Topographic Maps, Publications and Digital Products
A topographic map is a type of map characterized by large-scale detail and quantitative representation of relief, usually using contour lines in modern mapping, but historically using a variety of methods. The various features shown on the map are represented by conventional signs or symbols. For example, colors can be used to indicate a classification of roads. These signs are usually explained in the margin of the map, or on a separately published characteristic sheet. Topographic maps are also commonly called contour maps or topo maps. In the United States, where the primary national series is organized by a strict 7.5 minute grid, they are often called topo quads or quadrangles. Topographic maps conventionally show topography, or land contours, by means of contour lines. Contour lines are curves that connect contiguous points of the same altitude(isohypse). In other words, every point on the marked line of 100 m elevation is 100 m above mean sea level.
There are several rules to note when viewing topographic maps:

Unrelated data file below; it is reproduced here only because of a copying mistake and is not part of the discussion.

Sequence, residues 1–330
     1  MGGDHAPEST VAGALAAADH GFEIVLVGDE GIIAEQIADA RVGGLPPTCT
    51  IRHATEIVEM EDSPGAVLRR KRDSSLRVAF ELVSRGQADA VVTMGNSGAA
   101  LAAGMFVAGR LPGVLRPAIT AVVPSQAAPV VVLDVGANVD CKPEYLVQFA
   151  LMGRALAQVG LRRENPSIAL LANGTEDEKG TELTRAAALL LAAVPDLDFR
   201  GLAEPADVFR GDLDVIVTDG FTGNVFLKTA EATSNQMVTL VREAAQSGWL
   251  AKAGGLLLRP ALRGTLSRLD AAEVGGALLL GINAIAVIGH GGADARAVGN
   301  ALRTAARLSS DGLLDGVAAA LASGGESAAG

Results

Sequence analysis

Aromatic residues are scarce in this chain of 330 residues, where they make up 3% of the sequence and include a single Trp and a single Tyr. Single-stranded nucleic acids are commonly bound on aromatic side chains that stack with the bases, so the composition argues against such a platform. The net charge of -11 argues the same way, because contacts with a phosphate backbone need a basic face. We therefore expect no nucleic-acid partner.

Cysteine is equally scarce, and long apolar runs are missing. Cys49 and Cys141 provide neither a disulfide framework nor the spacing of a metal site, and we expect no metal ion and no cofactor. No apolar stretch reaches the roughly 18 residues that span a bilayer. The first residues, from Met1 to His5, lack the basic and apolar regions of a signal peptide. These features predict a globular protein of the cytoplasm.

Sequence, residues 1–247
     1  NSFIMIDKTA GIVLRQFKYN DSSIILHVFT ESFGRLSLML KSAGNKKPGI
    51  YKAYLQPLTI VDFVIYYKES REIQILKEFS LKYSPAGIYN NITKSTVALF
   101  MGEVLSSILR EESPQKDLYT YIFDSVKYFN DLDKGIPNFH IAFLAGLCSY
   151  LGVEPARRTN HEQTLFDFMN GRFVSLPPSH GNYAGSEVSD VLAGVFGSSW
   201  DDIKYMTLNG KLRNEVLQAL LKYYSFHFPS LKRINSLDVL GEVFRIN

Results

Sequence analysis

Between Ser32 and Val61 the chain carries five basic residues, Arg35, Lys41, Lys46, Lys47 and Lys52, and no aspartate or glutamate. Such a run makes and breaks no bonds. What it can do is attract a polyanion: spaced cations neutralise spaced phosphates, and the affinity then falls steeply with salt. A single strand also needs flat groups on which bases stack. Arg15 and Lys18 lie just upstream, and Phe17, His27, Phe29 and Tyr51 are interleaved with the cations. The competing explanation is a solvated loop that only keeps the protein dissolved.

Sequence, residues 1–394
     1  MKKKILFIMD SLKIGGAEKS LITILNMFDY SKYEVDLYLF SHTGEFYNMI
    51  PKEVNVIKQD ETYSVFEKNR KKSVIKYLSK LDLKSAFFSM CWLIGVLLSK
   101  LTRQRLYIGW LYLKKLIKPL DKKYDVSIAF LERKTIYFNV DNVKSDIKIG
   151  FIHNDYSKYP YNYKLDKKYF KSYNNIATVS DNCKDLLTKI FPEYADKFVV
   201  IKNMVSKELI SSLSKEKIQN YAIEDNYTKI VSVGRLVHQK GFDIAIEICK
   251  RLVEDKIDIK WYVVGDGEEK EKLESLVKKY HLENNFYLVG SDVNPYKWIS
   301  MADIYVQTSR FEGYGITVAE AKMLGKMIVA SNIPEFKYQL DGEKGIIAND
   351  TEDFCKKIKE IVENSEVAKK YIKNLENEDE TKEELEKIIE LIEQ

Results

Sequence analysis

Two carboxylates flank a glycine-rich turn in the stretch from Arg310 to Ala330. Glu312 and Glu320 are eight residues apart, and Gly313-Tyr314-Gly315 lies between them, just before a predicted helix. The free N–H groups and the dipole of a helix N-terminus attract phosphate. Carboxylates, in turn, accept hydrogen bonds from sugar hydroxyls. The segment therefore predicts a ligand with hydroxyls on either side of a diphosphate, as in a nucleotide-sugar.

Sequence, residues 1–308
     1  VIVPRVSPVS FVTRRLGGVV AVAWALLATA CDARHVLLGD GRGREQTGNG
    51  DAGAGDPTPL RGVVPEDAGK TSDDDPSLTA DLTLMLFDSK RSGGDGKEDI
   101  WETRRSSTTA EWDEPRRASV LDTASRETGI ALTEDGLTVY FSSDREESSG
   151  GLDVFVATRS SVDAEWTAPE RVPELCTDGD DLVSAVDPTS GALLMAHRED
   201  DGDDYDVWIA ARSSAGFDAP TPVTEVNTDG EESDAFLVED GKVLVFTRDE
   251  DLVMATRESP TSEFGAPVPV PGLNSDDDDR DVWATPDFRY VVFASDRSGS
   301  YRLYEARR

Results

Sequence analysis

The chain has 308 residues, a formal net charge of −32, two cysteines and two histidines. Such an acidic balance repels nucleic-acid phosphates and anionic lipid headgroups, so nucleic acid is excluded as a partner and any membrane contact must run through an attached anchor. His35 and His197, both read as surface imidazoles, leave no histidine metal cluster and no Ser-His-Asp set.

- The rule of V's: sharp-pointed vees usually are in stream valleys, with the drainage channel passing through the point of the vee, with the vee pointing upstream. This is a consequence of erosion.
- Spacing of contours: close contours indicate a steep slope; distant contours a shallow slope. Two or more contour lines merging indicates a cliff.
Inset of USGS topographic map of Stowe, Vermont, USA
Of course, to determine differences in elevation between two points, the contour interval, or distance in altitude between two adjacent contour lines, must be known, and this is given at the bottom of the map. In most cases, contour intervals are consistent throughout a map. Sometimes dashed contour lines are present; these represent half the noted contour interval.
These maps usually show not only the contours, but also any significant streams or other bodies of water, forest cover, built-up areas or individual buildings (depending on scale), and other features and points of interest. Today, topographic maps are prepared using photogrammetric interpretation of aerial photography. Older topographic maps were prepared using traditional surveying instruments.
The Department of the Interior, U.S. Geological Survey (USGS) is the distributor of public sale NGA topographic maps, publications and digital products.
U.S. Military Installations Map (CONUS). This is a map of the major U.S. military installations in the continental United States. It is used by military and government contacts to assist in Federal communication to state and local.